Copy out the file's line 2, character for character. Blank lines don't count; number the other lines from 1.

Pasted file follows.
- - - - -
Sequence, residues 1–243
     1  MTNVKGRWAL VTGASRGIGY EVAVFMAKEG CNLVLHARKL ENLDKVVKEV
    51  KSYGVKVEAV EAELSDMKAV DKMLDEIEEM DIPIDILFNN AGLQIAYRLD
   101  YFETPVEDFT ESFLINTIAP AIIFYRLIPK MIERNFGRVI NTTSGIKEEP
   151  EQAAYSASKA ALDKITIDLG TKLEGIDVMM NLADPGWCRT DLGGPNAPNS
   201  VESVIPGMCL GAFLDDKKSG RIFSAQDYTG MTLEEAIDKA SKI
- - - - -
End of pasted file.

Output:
     1  MTNVKGRWAL VTGASRGIGY EVAVFMAKEG CNLVLHARKL ENLDKVVKEV